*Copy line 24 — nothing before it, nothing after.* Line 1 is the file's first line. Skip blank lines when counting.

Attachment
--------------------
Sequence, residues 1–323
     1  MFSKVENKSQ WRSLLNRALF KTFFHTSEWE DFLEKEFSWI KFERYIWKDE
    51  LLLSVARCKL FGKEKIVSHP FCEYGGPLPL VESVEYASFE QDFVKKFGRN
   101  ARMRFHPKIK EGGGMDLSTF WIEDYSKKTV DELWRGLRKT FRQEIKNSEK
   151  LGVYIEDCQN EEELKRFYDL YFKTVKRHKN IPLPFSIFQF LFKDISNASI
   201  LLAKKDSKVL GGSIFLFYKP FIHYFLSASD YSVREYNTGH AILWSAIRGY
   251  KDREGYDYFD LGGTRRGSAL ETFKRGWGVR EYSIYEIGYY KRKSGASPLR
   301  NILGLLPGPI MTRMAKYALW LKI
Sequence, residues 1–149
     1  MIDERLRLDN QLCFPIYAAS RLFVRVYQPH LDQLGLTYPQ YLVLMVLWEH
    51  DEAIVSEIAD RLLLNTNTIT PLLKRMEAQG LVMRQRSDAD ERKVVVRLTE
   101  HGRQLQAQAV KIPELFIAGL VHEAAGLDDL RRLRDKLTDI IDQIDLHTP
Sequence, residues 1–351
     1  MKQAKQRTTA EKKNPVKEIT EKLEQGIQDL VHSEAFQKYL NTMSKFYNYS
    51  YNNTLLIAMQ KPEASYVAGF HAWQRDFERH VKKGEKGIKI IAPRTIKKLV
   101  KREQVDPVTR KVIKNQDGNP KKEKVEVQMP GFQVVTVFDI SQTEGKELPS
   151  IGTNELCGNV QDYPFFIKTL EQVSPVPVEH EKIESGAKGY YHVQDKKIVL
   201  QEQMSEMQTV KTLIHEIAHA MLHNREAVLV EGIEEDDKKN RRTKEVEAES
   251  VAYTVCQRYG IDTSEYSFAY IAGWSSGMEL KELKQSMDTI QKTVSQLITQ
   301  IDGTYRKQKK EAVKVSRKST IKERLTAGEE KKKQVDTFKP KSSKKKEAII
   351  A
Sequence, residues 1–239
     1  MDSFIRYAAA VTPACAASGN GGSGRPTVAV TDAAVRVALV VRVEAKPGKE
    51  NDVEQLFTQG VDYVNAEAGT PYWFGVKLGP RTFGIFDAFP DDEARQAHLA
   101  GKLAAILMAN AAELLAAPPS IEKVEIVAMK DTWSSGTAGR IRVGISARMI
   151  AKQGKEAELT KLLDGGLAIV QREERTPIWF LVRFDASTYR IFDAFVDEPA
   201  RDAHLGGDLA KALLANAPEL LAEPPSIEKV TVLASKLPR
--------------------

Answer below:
    51  NDVEQLFTQG VDYVNAEAGT PYWFGVKLGP RTFGIFDAFP DDEARQAHLA